The number Democrats should be paying close attention to
A double-digit enthusiasm gap could spell trouble for Democrats in November. Plus: Pfizer’s CEO predicts annual COVID vaccines over COVID boosters and Kyrsten Sinema more support from her state.
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Politics is the ultimate “what have you done for me lately?” business.
And while it’s better for Republicans to do nothing at all than to govern an unpopular agenda, Democrats rarely enjoy this luxury.
So if I’m a Democratic politician this morning, I’m discouraged by new polling from NBC News released today that shows a 14-point gap in high interest between Democratic and Republican voters in this year’s midterm elections.
Voter turnout will be critical for Democrats to have any chance of retaining control of Congress for two more years in the face of a treacherous political environment and historic trends that point to a red wave later this year.
Some of this is the Democrats’ own doing.
President Joe Biden ran on a commitment to get the pandemic under control. And by several metrics, he’s made incredible strides. Three in four Americans are fully vaccinated. Most schools are open. The administration has dramatically expanded the government’s testing capacity.
But Americans don’t live within the context of data. And none of it accounts for the pandemic fatigue most people feel as new variants, uneven messaging from public health officials and a vaccine and masking conspiracy theories have overshadowed Biden’s progress.
Democrats promised an ambitious agenda if voters delivered the White House, House and Senate but failed without the majorities to pass some of it. (Speaker Nancy Pelosi can afford to lose just three Democratic votes and Democratic Senate Leader Chuck Schumer is navigating a split Senate that requires Vice President Kamala Harris to remain in Washington to cast tie-breaking votes instead of traveling the country and connecting with voters.)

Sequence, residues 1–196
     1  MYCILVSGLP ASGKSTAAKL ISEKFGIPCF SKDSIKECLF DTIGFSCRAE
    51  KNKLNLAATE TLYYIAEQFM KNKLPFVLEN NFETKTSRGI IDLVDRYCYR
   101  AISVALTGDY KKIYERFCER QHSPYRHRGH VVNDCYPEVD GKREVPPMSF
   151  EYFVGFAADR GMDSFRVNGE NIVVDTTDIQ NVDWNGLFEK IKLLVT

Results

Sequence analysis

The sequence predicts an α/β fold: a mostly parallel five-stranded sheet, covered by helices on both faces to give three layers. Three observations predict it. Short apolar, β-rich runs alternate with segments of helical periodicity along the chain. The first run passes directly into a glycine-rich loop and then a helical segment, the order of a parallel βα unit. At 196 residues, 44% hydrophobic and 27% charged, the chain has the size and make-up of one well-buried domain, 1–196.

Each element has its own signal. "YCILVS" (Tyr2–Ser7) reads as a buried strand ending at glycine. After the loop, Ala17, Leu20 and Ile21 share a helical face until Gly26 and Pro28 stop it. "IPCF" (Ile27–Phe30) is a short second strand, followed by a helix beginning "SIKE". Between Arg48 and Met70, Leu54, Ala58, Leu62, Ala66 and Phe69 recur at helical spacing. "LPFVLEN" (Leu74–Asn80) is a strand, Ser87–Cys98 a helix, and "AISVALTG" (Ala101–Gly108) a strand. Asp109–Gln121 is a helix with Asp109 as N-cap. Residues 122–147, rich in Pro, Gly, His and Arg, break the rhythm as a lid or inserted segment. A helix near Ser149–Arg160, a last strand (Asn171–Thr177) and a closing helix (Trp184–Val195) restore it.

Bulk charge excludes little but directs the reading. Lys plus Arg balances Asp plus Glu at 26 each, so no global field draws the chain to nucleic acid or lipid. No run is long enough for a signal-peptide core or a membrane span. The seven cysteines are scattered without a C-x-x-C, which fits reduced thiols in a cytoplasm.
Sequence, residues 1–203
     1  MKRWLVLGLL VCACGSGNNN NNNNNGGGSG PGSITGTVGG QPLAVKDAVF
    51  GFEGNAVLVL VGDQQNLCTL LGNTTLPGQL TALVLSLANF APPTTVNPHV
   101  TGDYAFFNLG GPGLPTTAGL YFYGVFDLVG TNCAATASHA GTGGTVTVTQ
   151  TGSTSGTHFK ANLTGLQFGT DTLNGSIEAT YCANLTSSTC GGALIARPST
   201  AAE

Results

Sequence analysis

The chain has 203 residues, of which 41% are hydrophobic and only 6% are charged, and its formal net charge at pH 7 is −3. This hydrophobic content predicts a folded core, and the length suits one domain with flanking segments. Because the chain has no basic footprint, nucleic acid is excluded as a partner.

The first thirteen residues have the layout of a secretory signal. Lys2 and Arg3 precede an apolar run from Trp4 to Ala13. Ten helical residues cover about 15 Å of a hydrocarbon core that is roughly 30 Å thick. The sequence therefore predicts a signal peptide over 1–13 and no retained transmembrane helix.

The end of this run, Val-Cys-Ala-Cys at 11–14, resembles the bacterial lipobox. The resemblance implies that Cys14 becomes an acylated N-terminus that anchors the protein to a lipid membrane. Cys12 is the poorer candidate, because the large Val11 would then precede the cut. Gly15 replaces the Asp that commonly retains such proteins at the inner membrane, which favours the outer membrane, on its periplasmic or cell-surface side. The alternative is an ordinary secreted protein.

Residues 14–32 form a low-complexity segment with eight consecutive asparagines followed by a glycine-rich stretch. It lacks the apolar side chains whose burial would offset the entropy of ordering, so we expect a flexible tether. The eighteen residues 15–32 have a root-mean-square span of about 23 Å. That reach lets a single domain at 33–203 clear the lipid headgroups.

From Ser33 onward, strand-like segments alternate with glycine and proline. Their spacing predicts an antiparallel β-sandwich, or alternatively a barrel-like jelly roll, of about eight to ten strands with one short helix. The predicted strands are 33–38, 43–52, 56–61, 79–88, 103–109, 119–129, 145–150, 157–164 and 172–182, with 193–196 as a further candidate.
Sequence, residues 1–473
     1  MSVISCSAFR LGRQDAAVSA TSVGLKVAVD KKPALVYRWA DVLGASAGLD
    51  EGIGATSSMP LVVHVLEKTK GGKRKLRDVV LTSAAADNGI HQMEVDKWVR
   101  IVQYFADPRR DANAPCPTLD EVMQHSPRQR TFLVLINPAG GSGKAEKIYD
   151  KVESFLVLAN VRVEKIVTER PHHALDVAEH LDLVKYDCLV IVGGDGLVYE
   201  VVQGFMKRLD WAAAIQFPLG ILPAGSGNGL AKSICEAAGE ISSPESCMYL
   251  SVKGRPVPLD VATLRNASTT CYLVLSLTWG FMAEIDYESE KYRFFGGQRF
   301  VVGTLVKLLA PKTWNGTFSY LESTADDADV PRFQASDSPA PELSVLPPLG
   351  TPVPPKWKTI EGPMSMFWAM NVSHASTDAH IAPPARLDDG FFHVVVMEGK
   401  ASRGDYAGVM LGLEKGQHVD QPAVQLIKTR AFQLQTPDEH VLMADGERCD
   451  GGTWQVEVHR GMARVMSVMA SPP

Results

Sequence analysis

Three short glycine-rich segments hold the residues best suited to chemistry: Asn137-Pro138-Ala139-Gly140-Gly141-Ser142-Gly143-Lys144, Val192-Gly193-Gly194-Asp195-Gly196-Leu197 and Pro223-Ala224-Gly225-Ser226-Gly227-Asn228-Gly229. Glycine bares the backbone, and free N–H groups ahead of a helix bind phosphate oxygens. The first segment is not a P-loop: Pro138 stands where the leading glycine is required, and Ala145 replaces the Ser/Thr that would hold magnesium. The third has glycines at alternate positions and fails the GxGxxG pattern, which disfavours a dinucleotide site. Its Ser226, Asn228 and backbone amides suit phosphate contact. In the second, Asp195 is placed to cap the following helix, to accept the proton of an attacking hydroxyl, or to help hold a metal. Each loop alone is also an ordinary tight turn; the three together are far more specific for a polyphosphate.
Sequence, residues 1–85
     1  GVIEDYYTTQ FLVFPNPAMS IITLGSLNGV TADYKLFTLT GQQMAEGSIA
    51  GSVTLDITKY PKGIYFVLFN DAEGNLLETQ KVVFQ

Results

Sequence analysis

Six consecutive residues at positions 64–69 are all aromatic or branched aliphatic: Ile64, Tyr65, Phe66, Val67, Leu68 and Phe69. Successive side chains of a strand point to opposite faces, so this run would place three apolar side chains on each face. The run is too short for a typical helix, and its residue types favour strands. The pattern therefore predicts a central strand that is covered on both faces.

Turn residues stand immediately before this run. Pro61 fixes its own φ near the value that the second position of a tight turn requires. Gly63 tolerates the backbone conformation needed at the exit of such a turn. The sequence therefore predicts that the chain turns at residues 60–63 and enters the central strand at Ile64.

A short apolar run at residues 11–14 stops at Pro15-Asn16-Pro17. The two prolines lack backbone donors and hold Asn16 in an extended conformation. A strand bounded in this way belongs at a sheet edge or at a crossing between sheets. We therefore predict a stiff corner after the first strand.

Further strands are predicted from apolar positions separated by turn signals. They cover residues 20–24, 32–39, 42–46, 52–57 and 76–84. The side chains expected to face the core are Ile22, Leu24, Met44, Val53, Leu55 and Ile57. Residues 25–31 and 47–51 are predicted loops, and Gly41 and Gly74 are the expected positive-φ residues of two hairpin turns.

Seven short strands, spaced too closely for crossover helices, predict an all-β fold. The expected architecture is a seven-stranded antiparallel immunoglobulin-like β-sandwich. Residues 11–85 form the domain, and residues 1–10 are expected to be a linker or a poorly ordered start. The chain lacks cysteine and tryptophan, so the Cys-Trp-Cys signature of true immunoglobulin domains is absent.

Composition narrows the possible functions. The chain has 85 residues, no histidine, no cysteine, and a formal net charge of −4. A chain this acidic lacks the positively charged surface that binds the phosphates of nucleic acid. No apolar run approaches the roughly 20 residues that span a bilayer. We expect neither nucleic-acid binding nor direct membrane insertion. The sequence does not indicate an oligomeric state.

President Biden positioned himself and his 36 years of Senate experience as the X factor to overcome those slim margins. You’ve read enough of this newsletter though to know that’s not been the case a year into his term.
Some Democrats believe the party should brag on what they’ve accomplished with those slim margins and spend less time attacking each other for what hasn’t passed yet (voting rights, Build Back Better, police reform, etc.). The assumption is doing so will refocus the attention on Republican inaction instead of perceived Democratic infighting.
“I’ve been saying to my party quite a bit these days: Let’s stop mimicking what the Republican talking points are,” Jim Clyburn, the third-ranking House Democrat, said in an interview on MSNBC this morning. “Let’s see what we can do by focusing on that part of the glass that is half-full rather than keep concentrating on that half-empty part.
There’s also a growing interest to scale back their ambitions to send whatever legislation can get the votes to the President’s desk so Democrats can take as many victory laps as possible before the midterms. Expect to see this with Build Back Better in the coming weeks.
To be fair, November is a long way away. And so much can change between now and then — especially if the Biden administration is able to turn the pandemic around and reverse the inflation it believes comes with it. And who knows what story will overtake the news cycle pushing their current obsession with Democratic politics to the margins? But from where we stand today, if Democrats fail to close that double-digit enthusiasm gap by then, things could get worse for them — and the country — before they get better.
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Secretary of State Antony Blinken explained in 123 words during an interview this morning on CNN’s State of the Union why a Russian invasion of Ukraine would have global ramifications: